Thousands of Buffalo homeowners are turning their backs on STAR power, and city officials can't understand why.
Nearly one in four homeowners who are eligible to slash their property tax bills haven't applied for the state's STAR tax exemption. Failure to meet a Dec. 1 deadline could cost property owners up to $378 in lost exemptions next year.
City Hall estimates that 8,668 eligible homeowners could lose out on nearly $3.3 million in tax breaks because they failed to fill out a simple form.
"We sit back and shake our heads," said Martin F. Kennedy, assessment and taxation commissioner.
The city will mail STAR applications to eligible residents in the coming days, Mayor Byron W. Brown said Wednesday. "We want to make sure people do not lose any money they're eligible for," Brown said.
The beauty of STAR an acronym for the state's School Tax Relief Program -- is that localities are reimbursed for "every nickel" of the exemptions, Kennedy said.
"It's absolutely no fiscal hit on the city whatsoever," he said.
About 40,000 city property owners are eligible for STAR exemptions, and the budget office estimates 31,000 have taken advantage of the tax relief.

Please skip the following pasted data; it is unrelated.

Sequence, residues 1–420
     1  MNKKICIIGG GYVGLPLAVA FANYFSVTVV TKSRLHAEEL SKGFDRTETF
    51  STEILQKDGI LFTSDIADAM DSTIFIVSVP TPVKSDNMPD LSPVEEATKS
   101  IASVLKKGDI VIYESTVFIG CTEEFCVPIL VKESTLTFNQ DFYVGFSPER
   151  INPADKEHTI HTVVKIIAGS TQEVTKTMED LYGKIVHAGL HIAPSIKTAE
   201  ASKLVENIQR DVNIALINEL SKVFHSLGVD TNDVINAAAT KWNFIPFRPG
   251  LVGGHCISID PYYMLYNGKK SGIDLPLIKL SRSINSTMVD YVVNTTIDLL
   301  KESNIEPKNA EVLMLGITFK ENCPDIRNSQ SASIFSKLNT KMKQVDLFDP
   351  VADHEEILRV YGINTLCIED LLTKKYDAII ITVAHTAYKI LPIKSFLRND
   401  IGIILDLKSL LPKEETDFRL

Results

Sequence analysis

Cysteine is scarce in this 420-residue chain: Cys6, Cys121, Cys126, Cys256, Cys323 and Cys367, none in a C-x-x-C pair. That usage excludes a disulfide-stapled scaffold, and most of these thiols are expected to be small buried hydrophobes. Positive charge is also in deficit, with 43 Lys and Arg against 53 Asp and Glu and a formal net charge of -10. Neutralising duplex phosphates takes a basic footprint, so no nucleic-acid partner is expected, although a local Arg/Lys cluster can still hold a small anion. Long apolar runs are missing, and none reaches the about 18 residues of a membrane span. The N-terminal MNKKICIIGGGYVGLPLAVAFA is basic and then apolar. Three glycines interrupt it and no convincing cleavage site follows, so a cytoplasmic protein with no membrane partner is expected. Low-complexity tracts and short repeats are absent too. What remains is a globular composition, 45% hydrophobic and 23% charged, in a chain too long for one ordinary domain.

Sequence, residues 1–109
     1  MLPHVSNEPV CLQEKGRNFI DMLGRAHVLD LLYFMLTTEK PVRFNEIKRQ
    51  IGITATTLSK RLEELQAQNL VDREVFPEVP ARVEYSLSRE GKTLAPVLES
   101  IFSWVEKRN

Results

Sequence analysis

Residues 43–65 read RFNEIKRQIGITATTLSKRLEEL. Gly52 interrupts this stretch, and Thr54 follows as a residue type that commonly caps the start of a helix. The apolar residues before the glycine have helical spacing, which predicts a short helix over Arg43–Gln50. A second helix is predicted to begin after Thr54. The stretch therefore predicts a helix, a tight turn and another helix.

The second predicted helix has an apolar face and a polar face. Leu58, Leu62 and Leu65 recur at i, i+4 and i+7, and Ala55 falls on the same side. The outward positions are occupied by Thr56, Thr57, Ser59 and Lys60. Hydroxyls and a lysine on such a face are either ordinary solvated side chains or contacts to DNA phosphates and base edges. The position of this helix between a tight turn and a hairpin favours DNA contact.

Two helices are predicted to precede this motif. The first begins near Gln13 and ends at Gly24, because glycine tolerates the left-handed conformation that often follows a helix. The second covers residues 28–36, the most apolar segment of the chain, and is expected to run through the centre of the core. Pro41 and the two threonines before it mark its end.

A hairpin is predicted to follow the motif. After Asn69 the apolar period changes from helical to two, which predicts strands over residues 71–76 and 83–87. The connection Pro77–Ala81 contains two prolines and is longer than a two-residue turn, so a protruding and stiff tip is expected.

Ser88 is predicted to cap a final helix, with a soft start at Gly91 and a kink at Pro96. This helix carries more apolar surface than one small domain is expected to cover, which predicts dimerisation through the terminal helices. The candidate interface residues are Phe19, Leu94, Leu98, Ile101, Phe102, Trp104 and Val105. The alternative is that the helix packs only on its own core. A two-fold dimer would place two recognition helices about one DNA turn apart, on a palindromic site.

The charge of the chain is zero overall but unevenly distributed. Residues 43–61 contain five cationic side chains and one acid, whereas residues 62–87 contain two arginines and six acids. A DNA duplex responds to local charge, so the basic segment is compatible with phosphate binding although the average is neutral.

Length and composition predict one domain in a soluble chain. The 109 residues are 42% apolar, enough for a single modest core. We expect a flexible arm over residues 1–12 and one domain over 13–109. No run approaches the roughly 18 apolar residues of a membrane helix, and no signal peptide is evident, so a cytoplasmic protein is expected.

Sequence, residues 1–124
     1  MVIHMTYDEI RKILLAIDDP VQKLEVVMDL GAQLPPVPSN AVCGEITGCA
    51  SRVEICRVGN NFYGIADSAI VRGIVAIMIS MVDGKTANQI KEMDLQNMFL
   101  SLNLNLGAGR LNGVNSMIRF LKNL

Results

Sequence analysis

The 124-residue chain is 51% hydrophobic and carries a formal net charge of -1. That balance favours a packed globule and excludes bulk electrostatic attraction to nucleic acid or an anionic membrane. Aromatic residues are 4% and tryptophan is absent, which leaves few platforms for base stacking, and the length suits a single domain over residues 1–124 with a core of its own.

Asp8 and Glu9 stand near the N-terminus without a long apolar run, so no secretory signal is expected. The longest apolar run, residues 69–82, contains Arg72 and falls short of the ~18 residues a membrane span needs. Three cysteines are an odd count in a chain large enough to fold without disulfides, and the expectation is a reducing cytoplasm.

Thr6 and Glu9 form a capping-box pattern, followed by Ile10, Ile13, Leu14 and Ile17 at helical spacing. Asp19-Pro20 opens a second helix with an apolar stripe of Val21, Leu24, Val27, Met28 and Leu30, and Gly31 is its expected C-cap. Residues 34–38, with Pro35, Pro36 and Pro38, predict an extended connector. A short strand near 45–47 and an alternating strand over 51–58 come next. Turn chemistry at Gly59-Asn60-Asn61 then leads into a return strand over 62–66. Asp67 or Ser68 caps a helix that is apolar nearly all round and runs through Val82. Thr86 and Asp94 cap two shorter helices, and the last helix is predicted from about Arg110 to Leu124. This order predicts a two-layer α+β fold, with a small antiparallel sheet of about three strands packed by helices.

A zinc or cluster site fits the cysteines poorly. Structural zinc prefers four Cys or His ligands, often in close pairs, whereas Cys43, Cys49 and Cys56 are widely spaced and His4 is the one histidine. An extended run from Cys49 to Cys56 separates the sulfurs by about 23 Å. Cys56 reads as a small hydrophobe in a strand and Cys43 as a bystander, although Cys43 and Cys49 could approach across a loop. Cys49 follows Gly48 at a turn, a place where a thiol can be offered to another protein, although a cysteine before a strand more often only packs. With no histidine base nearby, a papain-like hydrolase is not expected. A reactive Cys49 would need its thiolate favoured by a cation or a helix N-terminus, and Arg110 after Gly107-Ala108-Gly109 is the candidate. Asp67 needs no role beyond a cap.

There are two types of STAR exemptions. Under the Basic STAR program, there are no age or income rules, and homeowners need only apply one time. Basic exemptions are automatically renewed. Under the Enhanced STAR program, homeowners must meet age and income requirements. The Enhanced STAR program requires recipients to file annual applications.
The city has made some headway in recent years when it comes to enrolling people in the STAR Program. Five years ago, a Buffalo News analysis estimated that more than 16,800 city homeowners who appeared to be eligible for a total of $7 million in tax breaks had not filed STAR applications. The number has been nearly cut in half since 2003.
For more information on the STAR program, people can also call 851-4373 or visit Room 105 in City Hall.